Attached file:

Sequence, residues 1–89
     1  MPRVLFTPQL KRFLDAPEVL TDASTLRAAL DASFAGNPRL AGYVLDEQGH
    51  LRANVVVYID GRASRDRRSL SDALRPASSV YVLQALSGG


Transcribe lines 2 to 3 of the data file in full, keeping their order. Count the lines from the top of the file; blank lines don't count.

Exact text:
     1  MPRVLFTPQL KRFLDAPEVL TDASTLRAAL DASFAGNPRL AGYVLDEQGH
    51  LRANVVVYID GRASRDRRSL SDALRPASSV YVLQALSGG